WCIA making global issues accessible to people in Wales in 2016

Inspiring a wider range of people in Wales to learn about and act on global issuesis the mission of WCIA. 2016 saw WCIA take a step towards reaching a larger range of communities in Wales, through a range of activities, from public events to a growing volunteering programme.

This year, our public events ranged from Islam to Brexit, and were well received and attended by the local community and professionals alike. 

With religion at the centre of international news, the 'Contexualising Islam in the 21st Century' event in April attended by 70 people helped to make this global issue more accessible to Welsh communities. 

Professor Grace Davie from Exeter University explored the importance of religion in the public sphere in her talk, noting that if we cannot allow for religious diversity then there is something very wrong with our democracy.

The 'EU Referendum: The Issues Debate Wales' event in June gave people the opportunity to hear evidence on both sides of the debate before voting. 

The talk featured three panels, each with representatives from the Remain and Leave campaigns, along with an academic expert to present the facts. This allowed those in attendance to form an opinion from a balanced presentation of information about how Brexit would affect Wales.

Deputy Chief Executive, Susie Ventris-Field said: "Our public events are vital to adding for creating opportunities for critical thinking and public debate in Wales." 

Along with these events, WCIA's volunteering programme has become central to their success, providing volunteers with genuine opportunities to develop their skills and employment prospects.  

Susie said: "Volunteers are involved with almost every aspect of the organisation, from helping out at events, and managing all areas of communication, such as social media and the monthly newsletter, and collecting and analysing data."

Events this year have taken place at the historical Temple of Peace building which is, as an ethical events venue, provides a source of income for the charity and is an integral part of WCIA's identity.

This year a Venue Manager, Emily Williams, was appointed and is promoting the building as the venue with a heart in Cardiff. All the income received from venue hire is used to contribute to the WCIA's work in supporting international development, peace and human rights and global education. 

Read more about the Temple of Peace here, WCIA's past events  here, or for more information about volunteering please click here. 

Wales for Peace supporting communities to uncover Wales' Peace heritage in 2016

By exploring how the individuals, movements and stories have contributed to Wales' ‘peace heritage’, schools and communities have learned about their heritage and reflected on the implications for today.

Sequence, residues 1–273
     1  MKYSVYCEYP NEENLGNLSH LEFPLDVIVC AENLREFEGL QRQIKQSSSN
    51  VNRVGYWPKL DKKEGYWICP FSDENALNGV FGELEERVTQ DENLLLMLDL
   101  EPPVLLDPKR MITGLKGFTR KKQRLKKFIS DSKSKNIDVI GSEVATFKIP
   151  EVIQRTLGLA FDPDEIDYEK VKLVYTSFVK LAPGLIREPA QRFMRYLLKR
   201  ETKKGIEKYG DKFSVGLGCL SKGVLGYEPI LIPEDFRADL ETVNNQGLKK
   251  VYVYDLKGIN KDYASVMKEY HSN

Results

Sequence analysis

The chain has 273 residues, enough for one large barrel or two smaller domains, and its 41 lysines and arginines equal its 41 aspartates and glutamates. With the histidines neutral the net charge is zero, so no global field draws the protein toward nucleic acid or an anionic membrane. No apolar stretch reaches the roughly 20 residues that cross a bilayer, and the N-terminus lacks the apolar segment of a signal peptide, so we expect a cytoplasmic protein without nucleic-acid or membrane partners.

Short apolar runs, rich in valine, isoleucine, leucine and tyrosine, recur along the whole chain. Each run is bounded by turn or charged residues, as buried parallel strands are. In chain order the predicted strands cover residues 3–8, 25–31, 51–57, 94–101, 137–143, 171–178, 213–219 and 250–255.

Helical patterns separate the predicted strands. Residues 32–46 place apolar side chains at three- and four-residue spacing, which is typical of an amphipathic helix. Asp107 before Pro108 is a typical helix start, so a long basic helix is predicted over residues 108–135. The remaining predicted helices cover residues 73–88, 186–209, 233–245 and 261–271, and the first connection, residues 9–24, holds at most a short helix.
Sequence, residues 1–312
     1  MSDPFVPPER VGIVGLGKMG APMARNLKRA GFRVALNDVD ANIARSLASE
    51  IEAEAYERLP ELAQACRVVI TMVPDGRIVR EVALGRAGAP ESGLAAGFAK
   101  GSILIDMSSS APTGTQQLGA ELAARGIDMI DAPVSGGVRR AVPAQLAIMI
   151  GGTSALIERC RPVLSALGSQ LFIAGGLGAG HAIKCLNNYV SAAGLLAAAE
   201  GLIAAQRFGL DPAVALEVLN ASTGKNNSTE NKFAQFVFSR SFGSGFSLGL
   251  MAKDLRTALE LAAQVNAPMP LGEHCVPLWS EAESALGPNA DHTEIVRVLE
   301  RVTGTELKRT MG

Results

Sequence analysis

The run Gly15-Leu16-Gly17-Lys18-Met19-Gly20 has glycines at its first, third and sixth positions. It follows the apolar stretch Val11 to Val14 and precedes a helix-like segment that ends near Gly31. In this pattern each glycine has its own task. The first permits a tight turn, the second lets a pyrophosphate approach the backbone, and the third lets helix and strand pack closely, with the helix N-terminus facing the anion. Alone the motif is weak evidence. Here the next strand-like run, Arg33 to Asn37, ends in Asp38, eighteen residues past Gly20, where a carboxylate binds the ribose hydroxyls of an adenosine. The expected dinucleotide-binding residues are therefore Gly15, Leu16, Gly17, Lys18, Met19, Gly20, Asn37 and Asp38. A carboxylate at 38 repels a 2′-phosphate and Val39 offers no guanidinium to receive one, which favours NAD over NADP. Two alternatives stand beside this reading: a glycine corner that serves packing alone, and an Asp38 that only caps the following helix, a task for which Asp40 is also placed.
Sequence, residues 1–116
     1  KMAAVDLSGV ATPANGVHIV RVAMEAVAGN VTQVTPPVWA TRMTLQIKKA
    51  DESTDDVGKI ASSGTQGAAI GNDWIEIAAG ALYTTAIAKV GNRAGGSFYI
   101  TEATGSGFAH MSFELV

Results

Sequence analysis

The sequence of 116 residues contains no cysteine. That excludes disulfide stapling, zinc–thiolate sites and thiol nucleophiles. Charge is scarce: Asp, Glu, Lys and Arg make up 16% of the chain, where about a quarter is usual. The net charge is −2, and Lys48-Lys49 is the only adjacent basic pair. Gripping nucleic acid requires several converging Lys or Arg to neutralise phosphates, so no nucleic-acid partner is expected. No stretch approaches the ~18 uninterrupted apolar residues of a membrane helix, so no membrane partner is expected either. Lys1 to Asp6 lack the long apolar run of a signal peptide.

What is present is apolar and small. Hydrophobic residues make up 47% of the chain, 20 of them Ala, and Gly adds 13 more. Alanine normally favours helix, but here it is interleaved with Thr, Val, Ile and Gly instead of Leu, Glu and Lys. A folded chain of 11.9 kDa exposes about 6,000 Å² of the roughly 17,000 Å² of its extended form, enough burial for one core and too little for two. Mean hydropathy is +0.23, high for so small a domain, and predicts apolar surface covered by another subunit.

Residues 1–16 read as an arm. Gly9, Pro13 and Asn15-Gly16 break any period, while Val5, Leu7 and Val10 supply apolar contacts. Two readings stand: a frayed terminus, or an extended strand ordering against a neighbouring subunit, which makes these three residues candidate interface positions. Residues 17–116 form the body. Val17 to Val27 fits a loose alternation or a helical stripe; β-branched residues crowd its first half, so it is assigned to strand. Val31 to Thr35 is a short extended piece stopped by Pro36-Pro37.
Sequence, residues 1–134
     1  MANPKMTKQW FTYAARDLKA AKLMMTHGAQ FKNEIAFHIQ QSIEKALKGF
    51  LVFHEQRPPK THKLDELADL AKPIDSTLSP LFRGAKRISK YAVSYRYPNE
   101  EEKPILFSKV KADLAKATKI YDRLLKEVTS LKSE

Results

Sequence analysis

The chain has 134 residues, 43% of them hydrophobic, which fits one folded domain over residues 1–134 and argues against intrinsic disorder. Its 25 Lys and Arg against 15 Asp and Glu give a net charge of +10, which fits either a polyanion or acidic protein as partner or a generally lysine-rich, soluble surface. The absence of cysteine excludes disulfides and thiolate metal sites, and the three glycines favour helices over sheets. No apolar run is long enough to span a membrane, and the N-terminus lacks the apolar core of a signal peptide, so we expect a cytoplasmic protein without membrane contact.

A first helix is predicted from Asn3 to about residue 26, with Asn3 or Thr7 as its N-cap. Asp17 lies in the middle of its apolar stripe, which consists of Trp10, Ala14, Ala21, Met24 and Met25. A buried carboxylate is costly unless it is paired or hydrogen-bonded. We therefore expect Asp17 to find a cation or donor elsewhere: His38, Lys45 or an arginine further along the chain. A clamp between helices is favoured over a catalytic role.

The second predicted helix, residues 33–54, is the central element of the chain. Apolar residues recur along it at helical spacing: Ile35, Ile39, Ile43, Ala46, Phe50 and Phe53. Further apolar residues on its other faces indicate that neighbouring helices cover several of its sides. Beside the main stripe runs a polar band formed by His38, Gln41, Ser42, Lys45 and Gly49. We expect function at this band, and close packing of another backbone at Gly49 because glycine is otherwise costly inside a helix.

The Wales' National Book of Remembrance is now fully digitise, the Belief and Action exhibition was launched, volunteers led the public on tours of the Temple of Peace and Wales for Peace worked with CADW to host the Weeping Window poppies at Caernarfon Castle alongside the Remembering for Peace Exhibition.

From January 2016 the National Book of Remembrance for the First World War was centre stage at the Remembering for Peace exhibition. Collaboration with the National Library of Wales allowed the book to be  transcribed and made available online, with help from volunteers - who played an essential part in the project.

More than 300 volunteers and community members, have been supported to share the heritage of the peace movements which have helped shape Wales’ national being, such as the women’s movement, the Urdd, and Eisteddfods, amongst many others. 

It is this involvement by volunteers and community alike, that made the the Poppies: Weeping Window display a success. The display at Caernarfon Castle was made up of 6,000 ceramic poppies, and was accompanied by the Remembrance for Peace exhibition which featured the iconic Welsh Book of Remembrance. It made for a world class visitor experience for the Welsh community ahead of Remembrance day 2016.

Craft activities, workshops and conferences accompanied the exhibitions stimulating community groups to explore previously hidden histories around the impact of WWI, and understand the importance of peace. 

For example, in the Belgian Refugees lecture in February, UCL lecturer Christophe Declercq explored how Wales cared for 4,500 Belgian refugees during WW1. It illustrated lessons for the current European 'refugee crisis'. 

Attendees commented the lecture had provided ‘food for thought’ in light of contemporary events, making people “more sympathetic” towards modern-day refugees.